If Chaim Bloom needed another reason to try to get another quality arm before the July 31 trade deadline, Alex Cora gave him one on Saturday night.
Trying to protect a two-run lead in the eighth inning, Cora called on Yacksel Rios, who has a career 6.15 ERA and was recently acquired from the Mariners in exchange for cash.
Rios coughed up two runs and blew the Red Sox’ lead.
They failed to score in the top of the 10th and the 11th, then Matt Andriese blew another two-run lead in the 12th as the Sox fell to the Oakland A’s, 7-6.
The loss ended the Sox’ winning streak at eight and will make Sunday’s game the rubber match in a key series against a team that looks like it should contend in the American League.
The Sox bullpen has been remarkable for most of the year, with Matt Barnes and Adam Ottavino looking strong in the final two innings, and Josh Taylor, Hirokazu Sawamura and Garrett Whitlock combining to offer surprising dominance in the middle innings.
Barnes needed the night off and Ottavino was being saved for the ninth, so the skipper went to Rios, who allowed one run on an RBI double from Brown, then watched from the dugout as Darwinzon Hernandez allowed Brown to score on a single by Elvis Andrus to tie the game, 4-4.
In the ninth, the Sox tried to rally when Marwin Gonzalez drew a one-out walk, but he was thrown out trying to steal second base.
The Red Sox messed up again in the 10th, when Danny Santana made a bizarre decision to attempt to steal third base with one out and Alex Verdugo at the plate. Santana was thrown out, then Verdugo struck out to end the frame without a run.
Chaos ensued in the bottom of the 10th, when Brandon Workman was called on intentionally walked Seth Brown, then allowed a leadoff single to Jed Lowrie to load the bases with nobody out. And somehow, the Red Sox escaped.
Tony Kemp tried a drag bunt but popped out straight to the pitcher. Then Elvis Andrus smoked a line drive to left field, where Martinez caught the ball and threw a perfect strike home to nail Sean Murphy at the plate and end the inning.
It was the Sox’ second game-saving throw in as many nights, and their 26th outfield assist, seven more than any other team.
They again issued an intentional walk to start the bottom of the 11th, as Cora’s strategy in extra innings on the road has clearly been to set up the double play ball. But Workman handled the inning easily and the A’s once again couldn’t score.
In the 12th, Gonzalez and Kiké Hernandez hit a pair of RBI singles to give the Sox the runs they needed, but Andriese blew the game in the bottom of the frame.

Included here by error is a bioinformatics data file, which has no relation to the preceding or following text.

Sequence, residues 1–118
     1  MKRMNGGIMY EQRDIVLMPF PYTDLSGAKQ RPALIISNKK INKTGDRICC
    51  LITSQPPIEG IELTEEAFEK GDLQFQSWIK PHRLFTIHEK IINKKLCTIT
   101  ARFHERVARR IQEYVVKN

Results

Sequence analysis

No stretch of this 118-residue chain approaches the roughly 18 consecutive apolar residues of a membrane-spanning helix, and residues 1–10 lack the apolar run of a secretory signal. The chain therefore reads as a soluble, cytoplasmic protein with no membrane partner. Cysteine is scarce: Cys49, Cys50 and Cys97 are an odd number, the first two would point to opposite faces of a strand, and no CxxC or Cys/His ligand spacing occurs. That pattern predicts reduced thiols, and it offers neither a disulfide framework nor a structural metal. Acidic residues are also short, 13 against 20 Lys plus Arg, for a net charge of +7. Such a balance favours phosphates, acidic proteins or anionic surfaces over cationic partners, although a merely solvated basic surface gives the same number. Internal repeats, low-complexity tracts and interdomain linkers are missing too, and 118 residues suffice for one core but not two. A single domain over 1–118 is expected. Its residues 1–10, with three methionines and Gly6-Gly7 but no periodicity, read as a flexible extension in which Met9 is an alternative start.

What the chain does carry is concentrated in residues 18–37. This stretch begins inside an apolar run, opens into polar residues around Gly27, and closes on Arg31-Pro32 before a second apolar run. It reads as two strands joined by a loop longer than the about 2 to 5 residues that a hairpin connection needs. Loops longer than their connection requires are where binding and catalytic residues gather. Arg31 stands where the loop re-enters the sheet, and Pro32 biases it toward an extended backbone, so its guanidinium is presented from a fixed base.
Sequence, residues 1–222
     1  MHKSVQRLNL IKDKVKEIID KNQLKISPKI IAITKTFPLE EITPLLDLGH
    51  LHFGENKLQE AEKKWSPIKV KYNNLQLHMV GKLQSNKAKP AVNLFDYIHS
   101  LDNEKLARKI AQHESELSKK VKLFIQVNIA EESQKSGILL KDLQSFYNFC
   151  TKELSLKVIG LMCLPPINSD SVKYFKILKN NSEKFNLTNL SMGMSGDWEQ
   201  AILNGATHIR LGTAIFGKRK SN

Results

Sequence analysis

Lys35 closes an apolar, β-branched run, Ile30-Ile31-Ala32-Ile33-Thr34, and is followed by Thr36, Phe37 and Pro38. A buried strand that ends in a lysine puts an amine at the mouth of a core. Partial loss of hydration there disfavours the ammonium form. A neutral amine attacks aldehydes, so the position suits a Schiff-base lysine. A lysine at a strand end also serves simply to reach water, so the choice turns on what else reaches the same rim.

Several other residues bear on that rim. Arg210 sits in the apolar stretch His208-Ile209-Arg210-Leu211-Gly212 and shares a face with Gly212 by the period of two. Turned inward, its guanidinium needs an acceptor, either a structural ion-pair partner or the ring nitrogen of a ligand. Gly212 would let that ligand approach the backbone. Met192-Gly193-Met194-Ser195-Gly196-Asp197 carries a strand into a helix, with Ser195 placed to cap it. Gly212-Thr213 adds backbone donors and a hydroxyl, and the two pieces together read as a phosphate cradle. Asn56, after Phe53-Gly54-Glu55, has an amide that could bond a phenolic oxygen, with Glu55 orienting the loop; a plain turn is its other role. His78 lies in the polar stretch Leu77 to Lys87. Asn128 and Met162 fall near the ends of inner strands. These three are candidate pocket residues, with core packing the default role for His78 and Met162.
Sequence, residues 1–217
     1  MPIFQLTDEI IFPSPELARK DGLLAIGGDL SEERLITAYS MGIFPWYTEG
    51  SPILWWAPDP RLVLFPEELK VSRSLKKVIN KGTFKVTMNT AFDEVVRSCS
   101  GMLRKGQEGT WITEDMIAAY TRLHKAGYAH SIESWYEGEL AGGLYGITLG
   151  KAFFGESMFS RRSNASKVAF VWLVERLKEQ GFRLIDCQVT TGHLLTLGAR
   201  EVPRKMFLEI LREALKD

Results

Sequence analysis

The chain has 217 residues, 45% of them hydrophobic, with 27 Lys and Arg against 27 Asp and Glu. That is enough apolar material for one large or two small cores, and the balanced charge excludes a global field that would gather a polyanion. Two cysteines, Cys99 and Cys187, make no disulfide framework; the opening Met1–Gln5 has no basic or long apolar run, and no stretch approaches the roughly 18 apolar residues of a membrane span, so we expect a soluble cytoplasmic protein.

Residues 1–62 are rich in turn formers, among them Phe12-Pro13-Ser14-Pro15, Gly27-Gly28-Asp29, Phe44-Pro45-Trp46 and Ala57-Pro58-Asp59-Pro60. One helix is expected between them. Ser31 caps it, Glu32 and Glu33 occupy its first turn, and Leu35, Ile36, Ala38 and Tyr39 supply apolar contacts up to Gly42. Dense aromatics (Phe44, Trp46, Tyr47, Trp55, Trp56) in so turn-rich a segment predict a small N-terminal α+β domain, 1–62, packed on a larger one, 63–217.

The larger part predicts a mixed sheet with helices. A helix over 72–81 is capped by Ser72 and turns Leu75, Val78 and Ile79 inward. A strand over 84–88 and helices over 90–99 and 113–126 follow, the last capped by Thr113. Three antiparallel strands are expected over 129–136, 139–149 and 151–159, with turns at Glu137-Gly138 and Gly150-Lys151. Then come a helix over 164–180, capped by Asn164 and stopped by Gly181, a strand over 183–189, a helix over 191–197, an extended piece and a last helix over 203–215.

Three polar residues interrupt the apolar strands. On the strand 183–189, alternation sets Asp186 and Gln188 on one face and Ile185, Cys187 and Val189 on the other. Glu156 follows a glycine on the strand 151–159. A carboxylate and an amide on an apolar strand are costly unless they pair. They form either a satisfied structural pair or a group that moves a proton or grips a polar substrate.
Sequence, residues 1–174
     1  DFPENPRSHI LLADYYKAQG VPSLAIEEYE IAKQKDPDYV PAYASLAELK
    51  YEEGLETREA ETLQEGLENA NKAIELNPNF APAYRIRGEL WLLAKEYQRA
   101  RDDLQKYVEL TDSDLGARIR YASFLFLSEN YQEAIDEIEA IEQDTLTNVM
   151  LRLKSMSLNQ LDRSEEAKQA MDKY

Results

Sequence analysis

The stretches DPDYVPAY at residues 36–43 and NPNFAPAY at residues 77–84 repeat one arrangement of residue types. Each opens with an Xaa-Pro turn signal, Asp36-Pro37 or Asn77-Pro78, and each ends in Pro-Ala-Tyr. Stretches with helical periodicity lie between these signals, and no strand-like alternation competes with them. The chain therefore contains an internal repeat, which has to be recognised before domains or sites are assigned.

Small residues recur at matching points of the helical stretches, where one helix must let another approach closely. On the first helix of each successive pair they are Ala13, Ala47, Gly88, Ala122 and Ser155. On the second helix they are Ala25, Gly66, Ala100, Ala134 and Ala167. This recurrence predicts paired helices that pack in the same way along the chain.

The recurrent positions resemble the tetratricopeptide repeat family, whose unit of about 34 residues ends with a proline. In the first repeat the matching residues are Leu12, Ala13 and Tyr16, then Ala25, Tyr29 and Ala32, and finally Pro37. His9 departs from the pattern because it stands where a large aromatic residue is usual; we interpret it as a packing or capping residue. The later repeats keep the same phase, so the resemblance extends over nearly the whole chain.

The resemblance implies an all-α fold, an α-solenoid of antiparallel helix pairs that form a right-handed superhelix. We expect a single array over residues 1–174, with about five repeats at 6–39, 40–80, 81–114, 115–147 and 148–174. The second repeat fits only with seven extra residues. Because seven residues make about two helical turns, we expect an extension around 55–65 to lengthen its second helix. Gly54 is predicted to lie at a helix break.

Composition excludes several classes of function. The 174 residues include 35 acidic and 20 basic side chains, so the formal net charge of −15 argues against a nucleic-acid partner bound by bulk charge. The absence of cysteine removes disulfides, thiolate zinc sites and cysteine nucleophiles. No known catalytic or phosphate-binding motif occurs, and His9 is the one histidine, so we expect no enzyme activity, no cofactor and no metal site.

That Cora didn’t have a better option than Rios, a fringe reliever who just got let go from a mediocre team, with a two-run lead in the eighth inning should remind Bloom that this team needs another pitcher.
Tanner Houck should be recalled from Triple-A Worcester soon, and Chris Sale’s return is maybe a month away as he prepares for a rehab assignment sometime in the next week or two. But the Sox clearly could use some help. They’ve been lucky to avoid injuries to any of their key pitchers, but they’re one sore elbow away from being quite thin on quality arms.
Three other takeaways from this one:
1. The Sox finally got a decent start out of Garrett Richards, who seemed for at least one night to forget about MLB’s new rules banning foreign substances and became a pitcher again. He threw 10 curveballs, a pitch he temporarily abandoned due to the lack of feel, and relied on location and power as he kept the A’s to just two runs on five hits over five-plus innings.
It was Richards’ best start since June 1 and the Sox will hope it can give him some much-needed confidence after he had been getting torched in his previous five starts (8.31 ERA).
2. They relied on some terrific defense in this one, as Martinez’s throw wasn’t the only play they’ll remember.
Rafael Devers made a beautiful, fully-stretched diving stop to his left and threw out a runner from his knees early in the game.
Hernandez made another great play, this time at second base as he leaped to snag a line drive and doubled off a runner at first.
The only sloppiness came from Danny Santana in center field, where he took a questionable route to a hard-hit liner by Seth Brown in the second inning and his leap fell just short. Brown notched a triple and drove in one run on the play.
3. Hernandez hit another home run, taking A’s starter Cole Irvin deep to left-center for a solo shot in the seventh inning. It was Hernandez’s fourth homer in seven games since Cora moved him back to the leadoff spot. He’s now got 10 homers on the season, five each against lefties and righties.